Ministers have kickstarted the construction of Sizewell C, committing £1.3bn to vital infrastructure works for the controversial nuclear mega-project.
The government released the cash from its existing budgets to ensure road, rail lines and other services close to the Suffolk site are upgraded ahead of the main build phase.
Once operational, Sizewell C is expected to generate 3.2GW of electricity, enough to power 6 million households for more than 60 years.
It was granted planning consent 18 months ago, although campaigners insisted they would “continue to challenge every aspect” of the project.
Conditions placed on developer EDF were met earlier this month, triggering the formal approval and prompting the government to release further cash.
Nuclear minister Andrew Bowie said: “We are making fantastic progress on the next gigawatt-scale power plant in the UK’s nuclear pipeline.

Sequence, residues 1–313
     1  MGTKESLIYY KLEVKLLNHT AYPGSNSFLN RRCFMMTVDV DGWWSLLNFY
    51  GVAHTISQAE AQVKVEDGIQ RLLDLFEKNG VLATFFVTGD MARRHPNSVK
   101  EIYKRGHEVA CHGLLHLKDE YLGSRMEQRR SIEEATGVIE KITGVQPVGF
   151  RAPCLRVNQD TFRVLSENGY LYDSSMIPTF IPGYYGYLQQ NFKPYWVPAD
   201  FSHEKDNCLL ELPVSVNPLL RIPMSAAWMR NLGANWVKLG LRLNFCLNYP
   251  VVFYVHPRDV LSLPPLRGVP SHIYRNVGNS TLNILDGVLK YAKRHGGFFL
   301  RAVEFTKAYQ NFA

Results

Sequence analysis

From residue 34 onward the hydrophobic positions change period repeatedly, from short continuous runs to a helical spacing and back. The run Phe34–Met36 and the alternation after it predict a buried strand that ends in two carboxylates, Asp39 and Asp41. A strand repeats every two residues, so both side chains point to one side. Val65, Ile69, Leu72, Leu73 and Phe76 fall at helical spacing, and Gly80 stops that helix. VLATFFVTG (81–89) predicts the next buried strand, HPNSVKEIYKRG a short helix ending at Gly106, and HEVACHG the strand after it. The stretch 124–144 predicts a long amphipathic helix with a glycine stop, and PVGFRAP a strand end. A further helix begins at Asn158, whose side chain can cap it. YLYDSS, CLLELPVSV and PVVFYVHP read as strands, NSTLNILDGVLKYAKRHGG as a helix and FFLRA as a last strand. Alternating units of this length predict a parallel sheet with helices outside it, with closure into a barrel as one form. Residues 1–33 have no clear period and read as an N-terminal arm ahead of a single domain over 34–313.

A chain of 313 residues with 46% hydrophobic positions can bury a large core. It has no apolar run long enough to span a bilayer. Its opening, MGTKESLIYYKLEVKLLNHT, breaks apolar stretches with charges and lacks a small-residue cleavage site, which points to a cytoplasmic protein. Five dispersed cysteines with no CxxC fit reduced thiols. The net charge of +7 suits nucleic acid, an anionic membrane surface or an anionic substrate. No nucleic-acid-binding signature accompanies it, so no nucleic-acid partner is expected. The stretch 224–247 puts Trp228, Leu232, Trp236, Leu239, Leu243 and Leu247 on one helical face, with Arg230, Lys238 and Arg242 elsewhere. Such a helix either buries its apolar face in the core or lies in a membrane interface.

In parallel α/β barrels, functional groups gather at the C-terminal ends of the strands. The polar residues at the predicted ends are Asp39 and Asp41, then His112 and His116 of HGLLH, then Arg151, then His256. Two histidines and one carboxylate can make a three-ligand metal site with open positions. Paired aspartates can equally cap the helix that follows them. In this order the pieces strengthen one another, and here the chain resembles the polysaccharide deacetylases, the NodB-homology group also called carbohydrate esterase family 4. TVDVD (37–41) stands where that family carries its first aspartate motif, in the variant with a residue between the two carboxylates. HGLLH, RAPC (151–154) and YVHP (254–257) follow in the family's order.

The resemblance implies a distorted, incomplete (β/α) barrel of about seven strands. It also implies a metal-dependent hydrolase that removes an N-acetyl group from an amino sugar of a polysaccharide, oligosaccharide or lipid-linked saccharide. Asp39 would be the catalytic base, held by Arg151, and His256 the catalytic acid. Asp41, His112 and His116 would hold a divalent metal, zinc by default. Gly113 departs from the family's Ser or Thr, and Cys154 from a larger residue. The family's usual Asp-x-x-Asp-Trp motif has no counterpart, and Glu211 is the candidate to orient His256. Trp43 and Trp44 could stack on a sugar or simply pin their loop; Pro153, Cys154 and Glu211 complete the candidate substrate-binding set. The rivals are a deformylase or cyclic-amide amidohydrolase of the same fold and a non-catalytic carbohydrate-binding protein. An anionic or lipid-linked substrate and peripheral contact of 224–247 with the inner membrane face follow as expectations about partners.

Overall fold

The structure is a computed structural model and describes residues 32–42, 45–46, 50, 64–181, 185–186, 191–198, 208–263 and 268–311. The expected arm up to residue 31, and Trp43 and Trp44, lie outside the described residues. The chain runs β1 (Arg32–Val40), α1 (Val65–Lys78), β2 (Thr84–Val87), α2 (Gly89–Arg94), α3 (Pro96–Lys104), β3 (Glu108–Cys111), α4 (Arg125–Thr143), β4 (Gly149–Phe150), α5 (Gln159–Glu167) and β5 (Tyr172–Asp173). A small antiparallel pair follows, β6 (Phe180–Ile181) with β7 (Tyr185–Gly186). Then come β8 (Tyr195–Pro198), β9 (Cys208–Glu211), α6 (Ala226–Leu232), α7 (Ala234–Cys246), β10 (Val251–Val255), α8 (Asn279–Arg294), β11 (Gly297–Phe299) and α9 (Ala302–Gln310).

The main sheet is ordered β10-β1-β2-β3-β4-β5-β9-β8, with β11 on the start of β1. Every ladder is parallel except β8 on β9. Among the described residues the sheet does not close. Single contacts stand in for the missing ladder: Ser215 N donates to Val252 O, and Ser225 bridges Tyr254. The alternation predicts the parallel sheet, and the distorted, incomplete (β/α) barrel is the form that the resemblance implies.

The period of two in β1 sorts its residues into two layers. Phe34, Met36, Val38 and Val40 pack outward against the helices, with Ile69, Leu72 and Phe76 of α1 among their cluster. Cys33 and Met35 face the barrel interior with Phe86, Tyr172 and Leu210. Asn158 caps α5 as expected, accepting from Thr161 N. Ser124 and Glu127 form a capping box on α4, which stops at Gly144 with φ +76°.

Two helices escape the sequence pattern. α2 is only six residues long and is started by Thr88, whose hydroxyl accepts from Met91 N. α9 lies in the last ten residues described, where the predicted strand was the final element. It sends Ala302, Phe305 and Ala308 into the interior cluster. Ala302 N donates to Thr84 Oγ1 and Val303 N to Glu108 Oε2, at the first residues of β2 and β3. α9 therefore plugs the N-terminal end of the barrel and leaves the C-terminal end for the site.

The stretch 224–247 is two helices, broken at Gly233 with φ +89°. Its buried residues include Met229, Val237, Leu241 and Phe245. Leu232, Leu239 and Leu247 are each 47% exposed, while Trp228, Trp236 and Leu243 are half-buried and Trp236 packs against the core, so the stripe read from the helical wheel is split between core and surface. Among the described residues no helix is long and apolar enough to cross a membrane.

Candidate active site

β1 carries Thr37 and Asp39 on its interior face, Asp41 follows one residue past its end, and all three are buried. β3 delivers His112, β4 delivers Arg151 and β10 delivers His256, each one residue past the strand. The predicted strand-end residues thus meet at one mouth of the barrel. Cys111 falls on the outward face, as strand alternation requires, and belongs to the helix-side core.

“This investment injection means we can steam ahead with work on Sizewell C ahead of the final investment decision targeted later this year.
“It’s a win for our energy security and sends a strong message to investors that Britain is serious about its low-carbon, home-grown, nuclear-powered future.”
Sizewell C managing directors Julia Pyke and Nigel Cann said in a joint statement that the “significant” investment “means we can step up activity in Suffolk and deliver on our commitments to local communities”.
More than two-thirds of the value of the construction project will be awarded to UK businesses, under plans drawn up by EDF.
A consortium of Jacobs, Setec, Tractebel and Egis was chosen in late 2022 as the design team for the project.